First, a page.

Stanley Foundation Home
 
 
 
 
 

Other Countries, Other Challenges Print Other Countries, Other Challenges

Please note: This archive page is related to a former project of the Stanley Foundation. Therefore, some of the material may be outdated and many of the links may no longer work. This page was last updated in late 2009. Information about current Stanley Foundation efforts can be found here.

 

Of course, the countries highlighted on our map are not the only ones challenging the global order. The Stanley Foundation chose these as strong examples of the change we see happening in the world, but the list is far from comprehensive or exhaustive. We tried to pick countries that were strong on more than just one of our dimensions of power—which include political, military, economic, cultural, and other factors.

 

But none of our “Rising Powers” appears to be advancing on all of the dimensions. And a compelling case can be made for the inclusion of a number of other states.  These include (but, again, are not limited to):

Australia, part of the broad Western alliance of nations, is considered one of the world's consistent “middle powers” making frequent contributions to international dialogues and UN peacekeeping. It has an affluent population and strong economy on par with many leading European nations. Australia is an active part of several regional and global multilateral groups including the Australia, New Zealand, United States Security Treaty, the East Asia Summit (EAS), the Pacific Islands Forum, the Commonwealth of Nations, the Asia-Pacific Economic Cooperation (APEC) forum, the Organisation for Economic Co-operation and Development, the World Trade Organization (WTO), and the United Nations (UN).

Indonesia has the fourth-largest population overall and the largest Muslim population in the world. The more than 17,000 islands in this nation straddle vital shipping routes linking the Pacific and Indian Oceans. Indonesia is an active participant in multilateral institutions including the Association of Southeast Asian Nations (ASEAN), EAS, WTO, UN, Non-Aligned Movement (NAM), and the Organization of the Islamic Conference (OIC). In May 2008, Indonesia announced it was withdrawing from the Organization of the Petroleum Exporting Countries (OPEC).

Iran and the Persian civilization have long had deep regional influence, but the country has had a troubled relationship with the world since the Islamic Revolution of 1979. Iran’s nuclear program has been a prominent point of tension, and the country is considered a state sponsor of terrorism by the United States. Iran is part of the UN, NAM, OIC, and OPEC.

Nigeria is an oil-rich country with the largest population in Africa. The country experienced years of military rule following the end of colonialism and now has a fractious, controversial democracy. Some analysts believe oil could power Nigeria’s economy past that of South Africa, but only if the government can tackle enormous social and infrastructure challenges. Nigeria is part of the UN, WTO, NAM, African Union (AU), and OPEC.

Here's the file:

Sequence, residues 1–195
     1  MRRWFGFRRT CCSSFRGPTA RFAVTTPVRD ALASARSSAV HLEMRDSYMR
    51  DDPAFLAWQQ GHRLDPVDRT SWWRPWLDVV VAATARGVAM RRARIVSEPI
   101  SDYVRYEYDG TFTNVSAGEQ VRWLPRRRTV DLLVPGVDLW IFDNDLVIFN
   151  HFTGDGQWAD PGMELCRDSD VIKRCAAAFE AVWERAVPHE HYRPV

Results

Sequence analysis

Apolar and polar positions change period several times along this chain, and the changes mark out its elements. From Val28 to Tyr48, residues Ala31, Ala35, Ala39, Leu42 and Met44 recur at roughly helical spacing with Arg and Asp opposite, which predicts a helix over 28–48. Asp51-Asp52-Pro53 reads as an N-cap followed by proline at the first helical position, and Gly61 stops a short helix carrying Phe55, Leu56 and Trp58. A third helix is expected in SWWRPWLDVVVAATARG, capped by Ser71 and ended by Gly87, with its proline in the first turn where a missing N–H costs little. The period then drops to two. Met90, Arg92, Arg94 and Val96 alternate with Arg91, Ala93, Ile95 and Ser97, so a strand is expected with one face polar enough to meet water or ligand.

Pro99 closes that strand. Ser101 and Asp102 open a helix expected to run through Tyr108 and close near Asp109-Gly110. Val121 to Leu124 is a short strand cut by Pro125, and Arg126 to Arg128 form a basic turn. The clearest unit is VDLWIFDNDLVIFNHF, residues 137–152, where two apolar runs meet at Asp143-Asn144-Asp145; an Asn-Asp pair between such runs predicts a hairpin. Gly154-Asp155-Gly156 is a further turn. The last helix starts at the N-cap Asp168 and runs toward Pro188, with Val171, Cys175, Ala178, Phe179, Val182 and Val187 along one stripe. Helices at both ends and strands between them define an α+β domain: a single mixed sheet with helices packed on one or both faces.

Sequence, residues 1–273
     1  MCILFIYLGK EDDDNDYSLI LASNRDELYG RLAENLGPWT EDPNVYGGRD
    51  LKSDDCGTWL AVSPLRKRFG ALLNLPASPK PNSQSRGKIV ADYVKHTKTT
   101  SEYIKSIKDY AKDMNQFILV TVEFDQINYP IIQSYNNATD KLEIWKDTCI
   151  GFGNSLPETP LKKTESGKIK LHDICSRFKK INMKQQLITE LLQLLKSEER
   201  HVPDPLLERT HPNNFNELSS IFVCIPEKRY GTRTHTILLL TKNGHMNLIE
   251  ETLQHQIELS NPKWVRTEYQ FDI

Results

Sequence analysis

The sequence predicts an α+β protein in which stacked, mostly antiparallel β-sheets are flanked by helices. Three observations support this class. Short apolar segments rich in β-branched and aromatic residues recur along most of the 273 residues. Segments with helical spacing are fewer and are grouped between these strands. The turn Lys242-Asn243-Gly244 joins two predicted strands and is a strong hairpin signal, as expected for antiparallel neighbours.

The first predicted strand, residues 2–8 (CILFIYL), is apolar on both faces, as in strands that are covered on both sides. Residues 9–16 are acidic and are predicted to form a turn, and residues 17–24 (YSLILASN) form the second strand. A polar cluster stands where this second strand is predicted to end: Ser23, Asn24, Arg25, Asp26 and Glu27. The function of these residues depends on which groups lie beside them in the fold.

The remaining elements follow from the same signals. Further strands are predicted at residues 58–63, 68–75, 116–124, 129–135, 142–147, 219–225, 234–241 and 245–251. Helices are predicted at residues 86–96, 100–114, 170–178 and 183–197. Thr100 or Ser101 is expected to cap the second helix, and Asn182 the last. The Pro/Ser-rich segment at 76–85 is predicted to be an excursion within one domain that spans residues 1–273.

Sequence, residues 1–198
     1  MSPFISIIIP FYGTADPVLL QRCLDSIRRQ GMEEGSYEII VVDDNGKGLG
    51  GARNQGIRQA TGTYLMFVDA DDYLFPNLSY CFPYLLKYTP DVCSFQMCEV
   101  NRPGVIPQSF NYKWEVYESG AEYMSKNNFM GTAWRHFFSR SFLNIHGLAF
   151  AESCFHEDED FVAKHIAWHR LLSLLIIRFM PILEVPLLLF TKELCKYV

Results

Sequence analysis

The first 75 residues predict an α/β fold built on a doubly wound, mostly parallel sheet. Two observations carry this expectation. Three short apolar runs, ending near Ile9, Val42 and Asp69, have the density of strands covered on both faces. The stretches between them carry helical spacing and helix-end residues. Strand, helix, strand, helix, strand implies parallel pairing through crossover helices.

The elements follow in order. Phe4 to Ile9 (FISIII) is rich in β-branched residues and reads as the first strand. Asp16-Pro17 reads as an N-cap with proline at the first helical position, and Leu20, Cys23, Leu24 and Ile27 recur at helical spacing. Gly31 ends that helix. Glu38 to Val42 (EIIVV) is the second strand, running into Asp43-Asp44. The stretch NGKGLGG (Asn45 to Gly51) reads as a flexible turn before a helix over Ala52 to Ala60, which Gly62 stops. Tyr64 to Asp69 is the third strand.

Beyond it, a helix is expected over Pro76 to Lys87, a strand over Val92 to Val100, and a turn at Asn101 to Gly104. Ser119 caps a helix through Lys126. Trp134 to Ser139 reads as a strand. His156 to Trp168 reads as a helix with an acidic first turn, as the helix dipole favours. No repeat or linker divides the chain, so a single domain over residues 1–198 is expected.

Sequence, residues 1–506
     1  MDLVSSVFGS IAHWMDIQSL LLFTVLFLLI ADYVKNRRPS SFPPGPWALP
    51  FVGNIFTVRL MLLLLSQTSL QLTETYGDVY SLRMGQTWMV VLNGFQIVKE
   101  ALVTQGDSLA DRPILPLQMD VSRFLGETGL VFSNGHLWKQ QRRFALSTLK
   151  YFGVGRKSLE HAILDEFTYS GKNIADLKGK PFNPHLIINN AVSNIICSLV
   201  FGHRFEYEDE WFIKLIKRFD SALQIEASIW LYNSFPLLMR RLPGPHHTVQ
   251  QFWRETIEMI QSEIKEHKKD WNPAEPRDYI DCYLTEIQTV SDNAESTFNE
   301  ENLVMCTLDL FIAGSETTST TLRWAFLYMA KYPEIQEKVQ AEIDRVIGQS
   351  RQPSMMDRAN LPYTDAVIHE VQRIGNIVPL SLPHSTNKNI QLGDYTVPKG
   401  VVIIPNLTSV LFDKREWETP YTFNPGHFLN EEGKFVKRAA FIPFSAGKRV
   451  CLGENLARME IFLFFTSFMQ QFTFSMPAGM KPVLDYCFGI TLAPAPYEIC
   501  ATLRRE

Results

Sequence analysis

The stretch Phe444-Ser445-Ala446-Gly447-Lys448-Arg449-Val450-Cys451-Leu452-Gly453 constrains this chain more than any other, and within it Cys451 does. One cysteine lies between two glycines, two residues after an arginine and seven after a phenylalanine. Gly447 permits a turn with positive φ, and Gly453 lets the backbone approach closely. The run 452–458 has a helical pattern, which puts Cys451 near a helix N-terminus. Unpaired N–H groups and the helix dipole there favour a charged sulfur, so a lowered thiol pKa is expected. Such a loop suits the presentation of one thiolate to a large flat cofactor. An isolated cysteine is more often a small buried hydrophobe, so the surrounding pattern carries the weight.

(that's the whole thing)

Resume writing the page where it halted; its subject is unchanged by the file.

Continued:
As the largest oil-exporting nation in the world, the Kingdom of Saudi Arabia’s global influence is well known. The country plays a central role in the Islamic world as home to Islam's most holy sites, Mecca and Medina, and host of the Hajj pilgrimage, which attracts two million Muslim faithful each year. Whether or not Saudi leaders, frequently criticized by Western human rights groups, can turn their oil riches into broader-based influence in the new global order is still an open question. Saudi Arabia is part of the UN, WTO, NAM, Gulf Cooperation Council (GCC), OIC, and OPEC.

Singapore is a major global financial center. It has been described as one of the richest and most business-friendly places in the world. This gives Singapore far more clout than its small geographic size would indicate as it participates in the Commonwealth of Nations, APEC forum, ASEAN, NAM, WTO, and UN.

The United Arabs Emirates (UAE) consists of seven states—including Dubai, Abu Dhabi, and Sharjah. This oil-rich nation has been diligently working to expand its economic base and is regularly listed among the fastest-growing economies in the world. The UAE is part of the UN, WTO, NAM, GCC, OIC, and OPEC.

Rising oil prices have given petroleum-rich Venezuela, and President Hugo Chavez, an increasingly strong presence on the world stage. Chavez has used oil revenues to bolster domestic social programs and to challenge the current global order by creating the Bank of the South, a regional rival to the World Bank, and voicing aggressive opposition to US foreign policy. Venezuela is a member of the WTO, UN, NAM, Organization of American States, and OPEC.

Which countries do you think are challenging the global order? Please send us your list. All reader comments may be reprinted on this Web site and in related materials.

This page is part of Rising Powers: The New Global Reality, a project from the Stanley Foundation.

The Stanley Foundation is not responsible for the content of external internet sites.



The global order is changing. The 21st Century will be marked by many competing sources of global power. Across politics, economics, culture, military strength and more, a new group of countries have growing influence over the future of the world:

Brazil

Russia
China

South Africa
European Union

South Korea
India

Turkey
Japan

Other Countries

Big issues are also playing a cross-cutting role in this changing global order:

Energy

Nuclear Nonproliferation
Nonstate Actors

Global/Regional Systems

And this changing global order has implications for the United States.

 
 
Privacy Policy & Terms of Use  ·  Contact Us
© 2019 by The Stanley Foundation


Web Development by DWebware
Back to Map